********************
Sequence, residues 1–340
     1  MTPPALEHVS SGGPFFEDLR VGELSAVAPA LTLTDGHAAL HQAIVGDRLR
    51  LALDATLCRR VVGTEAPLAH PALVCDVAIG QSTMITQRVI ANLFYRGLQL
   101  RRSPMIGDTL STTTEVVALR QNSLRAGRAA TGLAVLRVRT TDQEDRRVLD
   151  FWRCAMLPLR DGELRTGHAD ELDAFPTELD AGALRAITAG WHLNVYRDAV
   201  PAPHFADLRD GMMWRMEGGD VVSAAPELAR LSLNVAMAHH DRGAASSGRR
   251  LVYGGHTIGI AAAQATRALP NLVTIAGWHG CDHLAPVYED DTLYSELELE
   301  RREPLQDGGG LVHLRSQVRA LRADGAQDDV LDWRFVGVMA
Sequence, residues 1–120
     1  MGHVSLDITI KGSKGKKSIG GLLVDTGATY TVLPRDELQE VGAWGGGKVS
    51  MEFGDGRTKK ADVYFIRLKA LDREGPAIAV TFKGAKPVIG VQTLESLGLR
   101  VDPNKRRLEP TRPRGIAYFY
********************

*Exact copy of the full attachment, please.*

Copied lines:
Sequence, residues 1–340
     1  MTPPALEHVS SGGPFFEDLR VGELSAVAPA LTLTDGHAAL HQAIVGDRLR
    51  LALDATLCRR VVGTEAPLAH PALVCDVAIG QSTMITQRVI ANLFYRGLQL
   101  RRSPMIGDTL STTTEVVALR QNSLRAGRAA TGLAVLRVRT TDQEDRRVLD
   151  FWRCAMLPLR DGELRTGHAD ELDAFPTELD AGALRAITAG WHLNVYRDAV
   201  PAPHFADLRD GMMWRMEGGD VVSAAPELAR LSLNVAMAHH DRGAASSGRR
   251  LVYGGHTIGI AAAQATRALP NLVTIAGWHG CDHLAPVYED DTLYSELELE
   301  RREPLQDGGG LVHLRSQVRA LRADGAQDDV LDWRFVGVMA
Sequence, residues 1–120
     1  MGHVSLDITI KGSKGKKSIG GLLVDTGATY TVLPRDELQE VGAWGGGKVS
    51  MEFGDGRTKK ADVYFIRLKA LDREGPAIAV TFKGAKPVIG VQTLESLGLR
   101  VDPNKRRLEP TRPRGIAYFY